Friday night I went out with my friend A. Like me, A is single; and, like me, she comes across as someone with confidence, no small degree of poise, and a good amount of intelligence.
And yet–also, like me–she manages to forget these things in the company of certain men. She manages to behave like a person with comparatively little confidence or poise or sense or smarts.
In such moments, A told me the other night, certain words once spoken to her by a close female relative frequently ring in her head.
Those words would be: “A——, have some dignity.”
We both busted out laughing when she told me this. Both of us, in other words, are aware of how frequently we act without dignity.
I reported this to my NY S a few days later, expecting her to laugh along as heartily. She didn’t.
“What do you mean, dignity?” she asked. “What has that got to do with flakey guys?”
I struggled to explain.
Then, yesterday, my friend and professor and luminarious poet Dana Levin came to guest teach my creative writing class. In introducing and defining poetry, she talked about her practice of looking up the etymology of words as both a creative and analytical tool.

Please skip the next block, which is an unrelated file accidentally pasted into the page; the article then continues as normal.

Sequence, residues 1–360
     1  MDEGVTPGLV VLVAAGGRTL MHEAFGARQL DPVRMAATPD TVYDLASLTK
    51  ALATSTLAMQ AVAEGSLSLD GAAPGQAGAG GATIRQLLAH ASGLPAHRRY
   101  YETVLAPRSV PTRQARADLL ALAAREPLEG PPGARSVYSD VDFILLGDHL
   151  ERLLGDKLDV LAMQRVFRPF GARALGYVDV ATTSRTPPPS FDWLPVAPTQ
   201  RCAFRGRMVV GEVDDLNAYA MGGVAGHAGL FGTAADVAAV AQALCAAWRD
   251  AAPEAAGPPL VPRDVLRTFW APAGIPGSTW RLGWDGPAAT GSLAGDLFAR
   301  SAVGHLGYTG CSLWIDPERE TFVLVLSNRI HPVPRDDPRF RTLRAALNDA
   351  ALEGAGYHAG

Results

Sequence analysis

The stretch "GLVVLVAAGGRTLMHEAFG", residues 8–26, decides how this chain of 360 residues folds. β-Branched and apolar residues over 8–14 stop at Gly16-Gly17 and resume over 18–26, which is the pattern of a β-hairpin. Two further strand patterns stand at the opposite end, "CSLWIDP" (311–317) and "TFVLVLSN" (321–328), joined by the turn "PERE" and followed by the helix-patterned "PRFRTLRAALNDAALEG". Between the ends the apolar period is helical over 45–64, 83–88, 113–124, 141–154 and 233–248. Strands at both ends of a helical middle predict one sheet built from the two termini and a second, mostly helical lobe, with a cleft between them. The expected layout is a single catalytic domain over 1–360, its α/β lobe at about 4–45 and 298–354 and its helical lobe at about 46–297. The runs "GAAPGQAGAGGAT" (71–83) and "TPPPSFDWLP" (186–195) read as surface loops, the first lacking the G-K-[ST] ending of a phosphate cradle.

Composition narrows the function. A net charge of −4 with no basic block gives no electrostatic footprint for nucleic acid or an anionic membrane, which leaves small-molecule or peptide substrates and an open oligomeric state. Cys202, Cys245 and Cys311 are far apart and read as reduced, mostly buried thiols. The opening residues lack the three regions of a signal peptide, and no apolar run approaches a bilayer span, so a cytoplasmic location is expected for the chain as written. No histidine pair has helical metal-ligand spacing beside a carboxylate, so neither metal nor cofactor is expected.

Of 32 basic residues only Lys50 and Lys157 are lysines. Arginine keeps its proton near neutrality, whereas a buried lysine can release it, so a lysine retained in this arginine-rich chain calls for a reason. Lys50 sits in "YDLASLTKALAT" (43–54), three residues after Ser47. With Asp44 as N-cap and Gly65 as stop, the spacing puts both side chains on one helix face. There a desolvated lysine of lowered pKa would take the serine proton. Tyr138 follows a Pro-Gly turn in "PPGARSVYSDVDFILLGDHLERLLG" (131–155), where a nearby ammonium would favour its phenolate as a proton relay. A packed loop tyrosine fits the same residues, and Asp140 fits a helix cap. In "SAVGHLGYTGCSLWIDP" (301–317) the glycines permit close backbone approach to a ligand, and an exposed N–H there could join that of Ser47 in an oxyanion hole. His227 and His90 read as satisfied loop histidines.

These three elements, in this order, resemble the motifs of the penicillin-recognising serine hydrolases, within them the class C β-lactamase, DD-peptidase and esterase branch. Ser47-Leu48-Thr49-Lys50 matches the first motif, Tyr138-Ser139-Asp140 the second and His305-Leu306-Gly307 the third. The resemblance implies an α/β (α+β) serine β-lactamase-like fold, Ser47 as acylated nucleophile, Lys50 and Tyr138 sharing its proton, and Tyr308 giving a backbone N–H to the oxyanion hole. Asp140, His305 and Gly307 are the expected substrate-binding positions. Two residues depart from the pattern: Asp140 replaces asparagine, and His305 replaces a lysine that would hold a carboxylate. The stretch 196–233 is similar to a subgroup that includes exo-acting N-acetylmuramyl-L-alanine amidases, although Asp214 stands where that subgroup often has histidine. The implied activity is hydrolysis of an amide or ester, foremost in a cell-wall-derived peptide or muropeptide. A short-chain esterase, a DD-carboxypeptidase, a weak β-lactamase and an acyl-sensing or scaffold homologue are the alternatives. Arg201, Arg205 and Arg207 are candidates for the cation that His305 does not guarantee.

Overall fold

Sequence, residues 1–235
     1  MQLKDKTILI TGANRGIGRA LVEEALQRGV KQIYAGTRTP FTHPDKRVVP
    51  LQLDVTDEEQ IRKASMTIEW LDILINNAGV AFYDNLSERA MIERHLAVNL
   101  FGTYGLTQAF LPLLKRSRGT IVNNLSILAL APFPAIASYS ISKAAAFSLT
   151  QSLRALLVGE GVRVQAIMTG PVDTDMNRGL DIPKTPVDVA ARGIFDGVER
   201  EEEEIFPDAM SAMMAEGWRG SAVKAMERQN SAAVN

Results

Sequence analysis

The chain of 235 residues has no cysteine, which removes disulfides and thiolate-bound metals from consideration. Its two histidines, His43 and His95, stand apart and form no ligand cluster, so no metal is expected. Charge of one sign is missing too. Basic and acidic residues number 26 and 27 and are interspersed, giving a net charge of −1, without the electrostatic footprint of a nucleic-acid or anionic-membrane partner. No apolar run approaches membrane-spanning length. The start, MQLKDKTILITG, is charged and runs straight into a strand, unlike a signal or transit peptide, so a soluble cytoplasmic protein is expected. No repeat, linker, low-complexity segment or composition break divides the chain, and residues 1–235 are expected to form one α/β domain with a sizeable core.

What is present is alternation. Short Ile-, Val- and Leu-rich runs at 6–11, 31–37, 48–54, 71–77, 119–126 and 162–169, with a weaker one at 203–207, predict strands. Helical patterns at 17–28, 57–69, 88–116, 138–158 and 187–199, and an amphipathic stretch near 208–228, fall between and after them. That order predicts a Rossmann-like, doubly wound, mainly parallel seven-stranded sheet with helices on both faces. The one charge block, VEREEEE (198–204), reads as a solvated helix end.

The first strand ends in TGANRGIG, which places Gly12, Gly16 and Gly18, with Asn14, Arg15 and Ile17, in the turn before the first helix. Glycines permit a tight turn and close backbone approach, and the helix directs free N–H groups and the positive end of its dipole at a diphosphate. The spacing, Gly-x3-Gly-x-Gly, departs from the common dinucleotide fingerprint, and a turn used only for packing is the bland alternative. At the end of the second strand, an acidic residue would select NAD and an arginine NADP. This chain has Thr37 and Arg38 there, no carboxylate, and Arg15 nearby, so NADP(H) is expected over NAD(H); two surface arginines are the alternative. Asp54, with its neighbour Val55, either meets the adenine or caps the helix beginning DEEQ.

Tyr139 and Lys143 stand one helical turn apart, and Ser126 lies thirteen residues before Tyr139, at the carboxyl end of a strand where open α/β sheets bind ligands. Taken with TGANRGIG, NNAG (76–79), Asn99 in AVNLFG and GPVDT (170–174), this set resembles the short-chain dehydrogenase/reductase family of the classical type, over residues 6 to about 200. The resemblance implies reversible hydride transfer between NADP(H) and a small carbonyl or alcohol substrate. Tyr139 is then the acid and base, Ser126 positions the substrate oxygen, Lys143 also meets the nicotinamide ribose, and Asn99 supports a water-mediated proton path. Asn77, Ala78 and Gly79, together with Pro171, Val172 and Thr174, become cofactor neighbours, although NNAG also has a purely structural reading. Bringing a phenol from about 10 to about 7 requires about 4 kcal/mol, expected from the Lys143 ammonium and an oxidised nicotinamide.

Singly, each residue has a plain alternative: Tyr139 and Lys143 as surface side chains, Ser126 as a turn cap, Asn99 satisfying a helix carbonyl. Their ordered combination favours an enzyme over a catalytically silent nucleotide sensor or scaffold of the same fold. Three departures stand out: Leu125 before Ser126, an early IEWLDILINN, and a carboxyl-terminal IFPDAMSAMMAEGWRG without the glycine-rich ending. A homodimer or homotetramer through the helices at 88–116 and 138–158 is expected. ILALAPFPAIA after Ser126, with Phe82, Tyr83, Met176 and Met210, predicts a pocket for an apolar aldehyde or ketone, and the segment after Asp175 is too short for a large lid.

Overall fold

So, this morning (only after spending one hour alphebitizing my bookshelf and another curled up in a ball on the couch with Bonita–this, friends, is how useless I currently feel) I looked up the etymological roots of the word “dignity.”
What I found isn’t that revelatory: the word comes from the Latin “dignitas,” which means “worthiness.”
But that, as it turns out, is exactly it.
What A and I were laughing about is the fact that we know how “worthy” we are: we know we are smart, creative, attractive, worthy young women. We know we are worthy of someone who appreciates this: who treats us, in other words, with respect.
And yet, so often–for reasons too mundane, infuriating and typical for me to reckon with at this moment–we allow ourselves to become involved with men who don’t.
I was reminded of this several times this weekend, as I ran into approximately three men who I’ve been more or less interested in/involved with in the past few months–all of them evidently incapable of behaving like–and treating others as–a normal human being, much less a respectful one.
It would seem that these men don’t know how to make phone calls. That they don’t know how to apologize. Or how to make plans. Or how to acknowledge another person with whom they may or may not have recently had sex. How to make one feel, in other words, like a woman who is worthy of being called or apologized to or appropriately acknowledged.
“I feel like I’m living in a parallel universe of men who are completely socially dysfunctional,” I told S, sprawled on the couch the other night and attempting to read Lolita.
“I know,” she said. “I’m living right next door.”